First Muslim Sorority Hopes To Form Chapters Across USA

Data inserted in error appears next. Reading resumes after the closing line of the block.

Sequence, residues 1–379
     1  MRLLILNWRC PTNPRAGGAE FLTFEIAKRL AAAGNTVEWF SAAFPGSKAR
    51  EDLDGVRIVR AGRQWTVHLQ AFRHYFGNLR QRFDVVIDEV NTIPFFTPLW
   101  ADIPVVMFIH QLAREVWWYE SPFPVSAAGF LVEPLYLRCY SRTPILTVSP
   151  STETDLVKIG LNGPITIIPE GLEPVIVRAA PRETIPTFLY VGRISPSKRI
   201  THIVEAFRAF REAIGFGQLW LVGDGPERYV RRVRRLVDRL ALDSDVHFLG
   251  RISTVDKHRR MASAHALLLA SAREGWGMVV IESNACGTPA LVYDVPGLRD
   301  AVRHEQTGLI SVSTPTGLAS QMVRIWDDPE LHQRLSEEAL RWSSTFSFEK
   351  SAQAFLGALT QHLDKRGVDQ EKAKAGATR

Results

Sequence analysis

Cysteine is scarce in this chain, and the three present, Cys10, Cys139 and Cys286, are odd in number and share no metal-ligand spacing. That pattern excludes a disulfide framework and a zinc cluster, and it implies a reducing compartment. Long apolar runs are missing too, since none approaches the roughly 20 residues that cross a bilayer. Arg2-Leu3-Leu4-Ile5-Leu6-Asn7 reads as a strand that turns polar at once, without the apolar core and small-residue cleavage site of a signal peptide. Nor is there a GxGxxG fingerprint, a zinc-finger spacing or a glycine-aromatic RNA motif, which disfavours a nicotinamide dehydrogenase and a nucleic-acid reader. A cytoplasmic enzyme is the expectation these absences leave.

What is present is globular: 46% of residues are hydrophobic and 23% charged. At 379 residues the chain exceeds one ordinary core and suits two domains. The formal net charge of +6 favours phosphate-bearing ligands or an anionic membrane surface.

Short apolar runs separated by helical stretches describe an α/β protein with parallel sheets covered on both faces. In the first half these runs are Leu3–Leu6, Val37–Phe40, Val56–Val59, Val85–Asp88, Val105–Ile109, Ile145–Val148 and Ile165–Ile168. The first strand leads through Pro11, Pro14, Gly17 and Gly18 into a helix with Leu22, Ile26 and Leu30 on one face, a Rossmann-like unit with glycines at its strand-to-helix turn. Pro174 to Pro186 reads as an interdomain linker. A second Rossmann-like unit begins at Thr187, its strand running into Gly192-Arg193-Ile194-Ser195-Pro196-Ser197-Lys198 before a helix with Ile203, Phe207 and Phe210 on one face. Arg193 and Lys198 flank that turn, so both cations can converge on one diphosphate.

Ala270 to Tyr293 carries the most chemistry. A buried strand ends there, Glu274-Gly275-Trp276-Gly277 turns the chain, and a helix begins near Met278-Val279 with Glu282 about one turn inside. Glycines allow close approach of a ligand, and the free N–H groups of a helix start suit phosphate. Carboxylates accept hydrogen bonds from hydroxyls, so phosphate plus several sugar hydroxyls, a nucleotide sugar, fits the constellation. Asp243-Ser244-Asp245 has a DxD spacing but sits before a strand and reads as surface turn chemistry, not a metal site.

CAMBRIDGE, Mass. – Christine Ortiz slips quietly from the Muslim prayer room on the campus of the Massachusetts Institute of Technology and into a group of squealing young women. Some of them are Ortiz’s Muslim sisters, the undergraduate pals who embraced her when she converted to Islam from her family’s Roman Catholicism. Less than a year after she graduated from MIT, Ortiz, 23, has returned to campus on a chilly night to help introduce them to a new concept in Muslim sisterhood: the first Muslim-oriented sorority, Gamma Gamma Chi. The sorority, which was formed last year, has no campus chapters but is trying to drum up interest with informational meetings across the nation. It aims to be a sorority unlike almost all others by adhering to principles of Islam: no alcohol and no casual mixing between men and women. Ortiz is a member of Alpha Phi, one of five traditional sororities at MIT. She says she wants her Muslim girlfriends to have the sorority experience without having to compromise their religious values. In theory, the existing sororities’ policies are in line with Muslim beliefs, but in reality, she says, the sorority culture at MIT and other campuses “unfortunately is based on men and alcohol.” Muslim women at MIT, the University of Kentucky, Rutgers, the University of Maryland-Baltimore and the University of Southern California have expressed interest in Gamma Gamma Chi, says founder and President Althia Collins, who owns an educational consulting business in Alexandria, Va. Collins and her daughter Imani Abdul-Haqq, both Muslim converts, created the sorority in 2005. The MIT gathering attracted 13 women – five in traditional Muslim head scarves and loose-fitting clothes but most with uncovered hair and typical campus attire of jeans and sweaters. “I never felt attracted to sorority life,” says Tania Ullah, 20, a junior from New York City. “Aside from the drinking and partying, which I don’t do, I didn’t feel comfortable with pledging loyalty to the principles.” ‘We’re already a close-knit group’ Collins and Abdul-Haqq’s idea for a Muslim sorority reflects both the increasing presence of the religion on U.S. campuses and the growth of multiculturalism, says Denise Pipersburgh, a lawyer in Newark, N.J., and president of the National Multicultural Greek Council. The National Panhellenic Conference represents 26 historically Caucasian sororities and women’s fraternities with 3.8 million members. The National Panhellenic Council, which represents four historically black sororities and five men’s fraternities, has 1.5 million members. The first Latina sorority was formed in 1975, and Asian-American Greek organizations have existed since the 1920s. At the MIT session, the Muslim women, whose majors include brain and cognitive sciences and chemical engineering, seem intrigued by the idea of their own sorority. But they also are skeptical. “An Islamic sorority is almost an oxymoron, isn’t it?” asks Tasneem Hussam, 20, a junior from Centreville, Va. Muslims are active at MIT, where the Muslim Student Association on the 10,200-student campus regularly attracts 200 people to its dinners. All of the women at the presentation belong to the association. “We’re already a close-knit group,” Hussam says. “I’m a little unsure about how necessary it is to have a sorority.” Tayyba Anwar, 18, a freshman from New York City, wonders how she’ll explain the sorority concept to her parents and persuade them to let her join Gamma Gamma Chi. “They’ll say, ‘What is this? Is it good or bad?’ ” Anwar says. “To me, it sounds like a respectable thing.” Ortiz notes that Greek life is a big part of MIT. “Once they are organized, it’ll give Muslim women a face and voice on campus,” she says. Ultimately, none of the MIT students submitted applications to Gamma Gamma Chi. ‘An American phenomenon’ The Muslim women at MIT say they rarely suffer from discrimination or isolation on campus. Panhellenic President Shannon Nees, 20, a junior from Hatfield, Penn., says they would be welcome in any of MIT’s five sororities. “MIT is a very diverse group of people,” Nees says. “None of the sororities discriminate.” Abdul-Haqq says Gamma Gamma Chi, unlike traditional sororities, will allow Muslim women to feel more comfortable without compromising their Islamic beliefs. Abdul-Haqq recalls trying to join a sorority at Bennett College in Greensboro and fearing she might be required to dress immodestly while pledging. “I don’t wear short sleeves,” she says. “I wear my hair covered. I felt put off from the beginning.” Collins and her daughter have sent e-mails to Muslim student groups and received enthusiastic responses, but no campus has signed up the 10 to 15 members needed for a chapter. “We have to keep in mind that sororities are really an American phenomenon,” Collins says. “A lot of Muslims come from Middle Eastern and South Asian backgrounds. This is not a part of their experience.” The sorority has collected the names of 200 women who have expressed interest in joining. The sorority, Collins says, would also welcome non-Muslim women who support its mission. Xenia Tariq, 19, a freshman at Kentucky whose family moved to the USA from Pakistan, attended the sorority’s recent seminar in Lexington and applied to join. She has been spreading the word among her Muslim girlfriends and hopes the university will have a chapter by fall. “I guess the appeal was that it is the first ever Muslim sorority,” Tariq says. “I was thinking this is going to be really cool and groundbreaking, and I wanted to be a part of it.”